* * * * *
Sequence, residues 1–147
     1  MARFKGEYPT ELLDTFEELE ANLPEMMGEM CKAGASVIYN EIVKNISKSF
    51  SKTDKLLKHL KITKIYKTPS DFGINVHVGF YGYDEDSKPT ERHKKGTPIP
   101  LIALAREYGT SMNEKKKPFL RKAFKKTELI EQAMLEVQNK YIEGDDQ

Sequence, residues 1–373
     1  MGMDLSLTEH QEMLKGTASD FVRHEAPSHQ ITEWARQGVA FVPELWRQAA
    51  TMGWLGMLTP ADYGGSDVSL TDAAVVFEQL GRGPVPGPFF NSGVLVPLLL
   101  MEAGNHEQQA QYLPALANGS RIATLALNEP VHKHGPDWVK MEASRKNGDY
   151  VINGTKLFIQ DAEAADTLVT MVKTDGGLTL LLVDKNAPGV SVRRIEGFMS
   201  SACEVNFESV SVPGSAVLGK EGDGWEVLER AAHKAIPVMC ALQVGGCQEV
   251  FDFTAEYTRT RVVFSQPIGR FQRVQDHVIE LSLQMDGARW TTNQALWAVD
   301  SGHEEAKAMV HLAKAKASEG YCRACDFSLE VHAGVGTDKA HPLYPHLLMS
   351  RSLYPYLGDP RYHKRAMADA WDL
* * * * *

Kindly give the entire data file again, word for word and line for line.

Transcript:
Sequence, residues 1–147
     1  MARFKGEYPT ELLDTFEELE ANLPEMMGEM CKAGASVIYN EIVKNISKSF
    51  SKTDKLLKHL KITKIYKTPS DFGINVHVGF YGYDEDSKPT ERHKKGTPIP
   101  LIALAREYGT SMNEKKKPFL RKAFKKTELI EQAMLEVQNK YIEGDDQ

Sequence, residues 1–373
     1  MGMDLSLTEH QEMLKGTASD FVRHEAPSHQ ITEWARQGVA FVPELWRQAA
    51  TMGWLGMLTP ADYGGSDVSL TDAAVVFEQL GRGPVPGPFF NSGVLVPLLL
   101  MEAGNHEQQA QYLPALANGS RIATLALNEP VHKHGPDWVK MEASRKNGDY
   151  VINGTKLFIQ DAEAADTLVT MVKTDGGLTL LLVDKNAPGV SVRRIEGFMS
   201  SACEVNFESV SVPGSAVLGK EGDGWEVLER AAHKAIPVMC ALQVGGCQEV
   251  FDFTAEYTRT RVVFSQPIGR FQRVQDHVIE LSLQMDGARW TTNQALWAVD
   301  SGHEEAKAMV HLAKAKASEG YCRACDFSLE VHAGVGTDKA HPLYPHLLMS
   351  RSLYPYLGDP RYHKRAMADA WDL